An environment speaks a thousand words
The objects around our homes and our offices say a lot more than we think they do. And sometimes, they don’t exactly say what we want.
Research has shown that environments themselves can convey which behaviors are considered ‘normal’ when people are in them. They even encourage certain types of behavior when people enter them.
In an age where consulting and co-working spaces are the new norm, and offices are no longer where an employee will stay from 9-5 for the next thirty years, do we want our workplaces to be conveying the wrong messages? Can we really afford for employees to be surrounded by an environment that stifles their productivity and their work?
But how do you change what message you are putting out there?
Make people feel like they belong
Belonging is one of the most important factors for a workplace. If people feel like they don’t belong somewhere, it can seriously impact how they work.
In 2009, research found that people could decide whether they wanted to join a group just by looking at the group’s physical environment. Environments with lots of objects that are obviously linked to male-dominated areas (eg a Star Trek poster for computer science) were enough to make women feel like they didn’t belong there. And this made them not want to join teams that worked in these environments.
However, there is hope! By having objects that were similar but not so male-focused (eg a landscape poster), women’s belonging and interest was restored.
The main take home message from this is that people’s own identities are important for the environments they feel good in. Workplaces should focus on avoiding having lots of objects that prime the idea that only certain people belong there. But in practice what does this actually mean?
Rather than having a big company sign that highlights how amazing the business world is, workplaces should show off how great it is to be a part of their team. Kay et al (2004) even found that the presence of common ‘business objects’, such as briefcases and boardroom tables, made people more competitive.
So having photos of your actual team all out for lunch together or at the Christmas party could go a long way to showing people that you have a great team identity, and that they could belong in your environment.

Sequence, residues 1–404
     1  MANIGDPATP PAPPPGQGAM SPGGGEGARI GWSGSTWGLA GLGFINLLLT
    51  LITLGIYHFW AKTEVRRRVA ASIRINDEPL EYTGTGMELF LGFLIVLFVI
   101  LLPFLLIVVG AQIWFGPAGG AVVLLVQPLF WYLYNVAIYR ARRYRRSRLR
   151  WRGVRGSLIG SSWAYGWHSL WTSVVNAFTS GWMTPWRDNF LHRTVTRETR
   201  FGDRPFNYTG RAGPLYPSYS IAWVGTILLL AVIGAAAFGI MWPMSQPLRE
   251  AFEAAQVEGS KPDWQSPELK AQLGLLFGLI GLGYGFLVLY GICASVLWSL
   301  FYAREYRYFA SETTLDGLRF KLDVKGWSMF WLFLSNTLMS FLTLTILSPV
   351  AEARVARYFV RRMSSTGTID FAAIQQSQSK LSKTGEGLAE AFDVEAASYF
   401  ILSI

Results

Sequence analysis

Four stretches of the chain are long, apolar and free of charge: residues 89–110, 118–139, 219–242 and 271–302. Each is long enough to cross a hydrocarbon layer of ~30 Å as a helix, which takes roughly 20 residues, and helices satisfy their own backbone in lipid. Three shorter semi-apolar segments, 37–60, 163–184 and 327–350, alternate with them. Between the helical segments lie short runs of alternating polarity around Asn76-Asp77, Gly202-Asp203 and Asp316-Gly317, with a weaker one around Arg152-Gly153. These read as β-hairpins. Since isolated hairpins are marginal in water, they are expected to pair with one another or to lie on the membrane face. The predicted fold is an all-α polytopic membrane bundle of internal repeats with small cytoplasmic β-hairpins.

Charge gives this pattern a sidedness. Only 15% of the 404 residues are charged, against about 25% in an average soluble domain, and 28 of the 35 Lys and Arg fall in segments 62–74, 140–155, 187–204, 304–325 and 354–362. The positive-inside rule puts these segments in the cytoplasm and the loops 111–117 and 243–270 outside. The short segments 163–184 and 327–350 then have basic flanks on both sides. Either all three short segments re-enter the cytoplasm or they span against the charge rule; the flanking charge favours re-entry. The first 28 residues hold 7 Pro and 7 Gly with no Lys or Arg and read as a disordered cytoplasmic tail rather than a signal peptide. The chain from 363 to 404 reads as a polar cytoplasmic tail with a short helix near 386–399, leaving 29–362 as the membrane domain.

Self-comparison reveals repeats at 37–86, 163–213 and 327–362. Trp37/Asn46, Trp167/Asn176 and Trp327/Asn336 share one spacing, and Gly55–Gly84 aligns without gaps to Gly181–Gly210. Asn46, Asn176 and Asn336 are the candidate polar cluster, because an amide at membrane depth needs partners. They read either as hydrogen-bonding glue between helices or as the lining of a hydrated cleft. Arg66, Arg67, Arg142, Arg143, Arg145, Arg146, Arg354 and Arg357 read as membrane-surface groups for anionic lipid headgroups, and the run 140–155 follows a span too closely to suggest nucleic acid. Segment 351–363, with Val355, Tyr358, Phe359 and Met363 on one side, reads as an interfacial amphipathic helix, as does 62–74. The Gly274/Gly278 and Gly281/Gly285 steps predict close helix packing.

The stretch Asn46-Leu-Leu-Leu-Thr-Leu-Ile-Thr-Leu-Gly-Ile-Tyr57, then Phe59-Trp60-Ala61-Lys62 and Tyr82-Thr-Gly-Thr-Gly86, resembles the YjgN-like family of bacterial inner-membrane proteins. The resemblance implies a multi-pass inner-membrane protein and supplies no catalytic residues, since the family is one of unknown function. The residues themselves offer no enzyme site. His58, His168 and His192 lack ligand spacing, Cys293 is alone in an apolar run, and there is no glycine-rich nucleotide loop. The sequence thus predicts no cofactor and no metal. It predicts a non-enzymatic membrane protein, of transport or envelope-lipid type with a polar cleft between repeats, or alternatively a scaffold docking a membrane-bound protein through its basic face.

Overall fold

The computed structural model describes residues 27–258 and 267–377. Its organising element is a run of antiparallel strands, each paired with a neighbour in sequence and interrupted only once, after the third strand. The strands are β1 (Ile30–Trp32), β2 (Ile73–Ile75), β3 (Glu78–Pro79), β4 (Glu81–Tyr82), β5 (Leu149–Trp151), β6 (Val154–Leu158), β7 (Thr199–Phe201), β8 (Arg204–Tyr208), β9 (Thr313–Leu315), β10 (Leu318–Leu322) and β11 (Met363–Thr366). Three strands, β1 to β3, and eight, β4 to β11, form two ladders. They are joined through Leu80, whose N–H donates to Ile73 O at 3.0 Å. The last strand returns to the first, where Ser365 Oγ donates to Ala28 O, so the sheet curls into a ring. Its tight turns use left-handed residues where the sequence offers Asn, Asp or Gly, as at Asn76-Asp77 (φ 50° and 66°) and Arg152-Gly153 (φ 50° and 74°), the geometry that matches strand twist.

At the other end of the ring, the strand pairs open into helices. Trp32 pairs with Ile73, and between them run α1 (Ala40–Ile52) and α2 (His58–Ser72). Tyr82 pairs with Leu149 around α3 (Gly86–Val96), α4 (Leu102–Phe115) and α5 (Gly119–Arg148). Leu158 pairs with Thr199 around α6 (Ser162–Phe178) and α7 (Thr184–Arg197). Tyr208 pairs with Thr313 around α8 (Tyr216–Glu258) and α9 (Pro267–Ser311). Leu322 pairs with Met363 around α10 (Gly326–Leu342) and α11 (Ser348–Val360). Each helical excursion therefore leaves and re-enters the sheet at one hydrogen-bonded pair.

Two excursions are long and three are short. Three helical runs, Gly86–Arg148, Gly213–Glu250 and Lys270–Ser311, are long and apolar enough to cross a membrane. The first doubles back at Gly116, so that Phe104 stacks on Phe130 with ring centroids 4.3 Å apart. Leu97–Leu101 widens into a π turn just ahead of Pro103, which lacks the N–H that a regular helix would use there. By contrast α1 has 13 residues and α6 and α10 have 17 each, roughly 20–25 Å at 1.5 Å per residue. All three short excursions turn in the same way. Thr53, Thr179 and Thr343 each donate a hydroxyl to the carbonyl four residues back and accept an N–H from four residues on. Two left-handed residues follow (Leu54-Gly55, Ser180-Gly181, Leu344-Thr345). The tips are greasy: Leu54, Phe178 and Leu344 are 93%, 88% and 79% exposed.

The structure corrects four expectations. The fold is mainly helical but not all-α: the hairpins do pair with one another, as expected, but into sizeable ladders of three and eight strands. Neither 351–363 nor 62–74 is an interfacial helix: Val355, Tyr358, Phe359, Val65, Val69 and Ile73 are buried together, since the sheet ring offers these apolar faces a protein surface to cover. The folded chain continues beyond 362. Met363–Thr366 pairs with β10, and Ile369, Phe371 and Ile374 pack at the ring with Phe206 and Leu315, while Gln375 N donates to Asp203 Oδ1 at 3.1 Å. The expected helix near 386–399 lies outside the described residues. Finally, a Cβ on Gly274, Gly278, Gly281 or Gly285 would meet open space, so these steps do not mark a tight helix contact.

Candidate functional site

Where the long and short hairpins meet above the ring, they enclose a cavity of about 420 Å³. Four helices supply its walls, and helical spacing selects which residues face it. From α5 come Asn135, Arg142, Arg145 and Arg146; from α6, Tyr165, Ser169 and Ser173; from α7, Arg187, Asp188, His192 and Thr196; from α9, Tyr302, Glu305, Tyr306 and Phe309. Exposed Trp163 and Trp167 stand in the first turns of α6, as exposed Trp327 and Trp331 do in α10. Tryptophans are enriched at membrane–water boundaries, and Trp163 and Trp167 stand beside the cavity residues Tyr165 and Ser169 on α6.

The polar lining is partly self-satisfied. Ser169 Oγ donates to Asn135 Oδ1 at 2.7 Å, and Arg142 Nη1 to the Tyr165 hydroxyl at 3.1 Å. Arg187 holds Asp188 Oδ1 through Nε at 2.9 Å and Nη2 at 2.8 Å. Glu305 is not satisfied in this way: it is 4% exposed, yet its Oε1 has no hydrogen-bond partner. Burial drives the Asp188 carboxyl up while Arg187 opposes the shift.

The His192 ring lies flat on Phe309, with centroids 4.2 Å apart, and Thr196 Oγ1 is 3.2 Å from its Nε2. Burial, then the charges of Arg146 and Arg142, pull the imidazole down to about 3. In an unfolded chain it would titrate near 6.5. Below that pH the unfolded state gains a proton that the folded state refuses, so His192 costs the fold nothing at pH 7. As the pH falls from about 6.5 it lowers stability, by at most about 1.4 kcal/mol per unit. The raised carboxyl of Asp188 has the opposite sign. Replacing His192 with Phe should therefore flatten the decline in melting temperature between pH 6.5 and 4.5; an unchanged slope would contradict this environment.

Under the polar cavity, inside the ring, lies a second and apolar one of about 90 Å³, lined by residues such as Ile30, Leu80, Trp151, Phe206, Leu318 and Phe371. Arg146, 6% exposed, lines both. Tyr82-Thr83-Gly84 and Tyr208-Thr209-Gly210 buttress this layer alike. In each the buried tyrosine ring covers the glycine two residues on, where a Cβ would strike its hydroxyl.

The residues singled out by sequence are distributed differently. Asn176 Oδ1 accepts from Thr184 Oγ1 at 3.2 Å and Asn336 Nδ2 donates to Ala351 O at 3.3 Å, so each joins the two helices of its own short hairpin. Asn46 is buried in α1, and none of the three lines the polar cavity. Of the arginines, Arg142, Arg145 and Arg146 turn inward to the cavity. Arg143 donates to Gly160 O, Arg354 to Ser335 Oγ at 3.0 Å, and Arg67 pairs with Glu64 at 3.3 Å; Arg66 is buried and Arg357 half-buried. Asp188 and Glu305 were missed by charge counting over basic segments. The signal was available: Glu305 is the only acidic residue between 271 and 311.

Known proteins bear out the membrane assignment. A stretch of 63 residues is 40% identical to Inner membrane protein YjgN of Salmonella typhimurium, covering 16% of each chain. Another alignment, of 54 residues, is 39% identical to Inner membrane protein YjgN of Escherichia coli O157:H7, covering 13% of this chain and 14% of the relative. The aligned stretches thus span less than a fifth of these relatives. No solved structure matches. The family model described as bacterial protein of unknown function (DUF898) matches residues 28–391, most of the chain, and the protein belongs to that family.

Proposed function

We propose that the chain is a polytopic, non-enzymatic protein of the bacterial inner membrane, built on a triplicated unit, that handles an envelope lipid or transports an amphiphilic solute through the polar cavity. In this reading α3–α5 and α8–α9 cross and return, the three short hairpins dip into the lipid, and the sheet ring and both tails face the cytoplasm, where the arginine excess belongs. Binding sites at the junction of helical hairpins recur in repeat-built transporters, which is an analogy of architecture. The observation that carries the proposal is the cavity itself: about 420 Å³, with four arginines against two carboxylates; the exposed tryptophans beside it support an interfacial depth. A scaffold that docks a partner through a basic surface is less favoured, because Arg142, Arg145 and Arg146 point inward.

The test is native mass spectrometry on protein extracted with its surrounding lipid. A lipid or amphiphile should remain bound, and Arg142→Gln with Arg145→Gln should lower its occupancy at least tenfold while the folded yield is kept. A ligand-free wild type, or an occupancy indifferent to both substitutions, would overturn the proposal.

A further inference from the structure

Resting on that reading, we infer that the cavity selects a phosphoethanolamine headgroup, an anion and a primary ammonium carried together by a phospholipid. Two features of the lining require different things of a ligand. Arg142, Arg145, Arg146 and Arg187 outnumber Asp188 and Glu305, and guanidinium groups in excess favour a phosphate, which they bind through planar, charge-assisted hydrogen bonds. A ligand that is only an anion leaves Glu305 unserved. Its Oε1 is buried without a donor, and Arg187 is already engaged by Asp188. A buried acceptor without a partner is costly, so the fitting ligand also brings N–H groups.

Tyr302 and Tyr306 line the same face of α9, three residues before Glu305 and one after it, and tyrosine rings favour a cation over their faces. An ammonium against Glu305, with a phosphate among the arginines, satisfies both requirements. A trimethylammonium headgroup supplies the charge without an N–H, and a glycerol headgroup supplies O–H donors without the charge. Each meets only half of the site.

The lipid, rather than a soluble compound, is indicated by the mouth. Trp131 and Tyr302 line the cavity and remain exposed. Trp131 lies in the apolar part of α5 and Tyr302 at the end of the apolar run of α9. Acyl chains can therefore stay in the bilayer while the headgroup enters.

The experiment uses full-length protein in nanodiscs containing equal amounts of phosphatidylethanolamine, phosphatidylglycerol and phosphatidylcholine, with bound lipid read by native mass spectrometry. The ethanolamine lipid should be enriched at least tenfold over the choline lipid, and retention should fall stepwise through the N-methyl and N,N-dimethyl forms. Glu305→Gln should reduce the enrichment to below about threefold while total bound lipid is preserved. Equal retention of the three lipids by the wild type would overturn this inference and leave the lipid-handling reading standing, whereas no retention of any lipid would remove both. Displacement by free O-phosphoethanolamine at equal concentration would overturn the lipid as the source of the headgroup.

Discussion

Then, what effect does the workplace have on people once they feel like they do belong?
Give the walls a motivational makeover
Once people are within a workplace, the kind of motivation they are given can also impact the way they work. And the environment could be nudging them towards the wrong type of motivation.
There are two main ways at looking at achievement:
- Performance – Failure is bad. Success is good. To be good you need to do well and do better than others.
- Mastery – Slip-ups happen. You need to break things to make things. You might make mistakes, but you will learn from them and learn new things along the way too.
A lot of the time workplaces can be nudging people to be motivated towards performance. Yet, time and time again, having a mastery attitude has been shown to be much better for performance than having a performance attitude. It is definitely easier for people to persist at challenges with a mastery mindset.
A common example of a workplace promoting performance might be having a visual record of how many sales everyone has made and rewarding the best salesperson. Or having a list of what the team needs to achieve for the month. The perfect image of performance motivation is the ‘top scarer’ leaderboard in the film ‘Monster’s Inc.’, and how all of the employees are obsessed with who the top scarer is every day.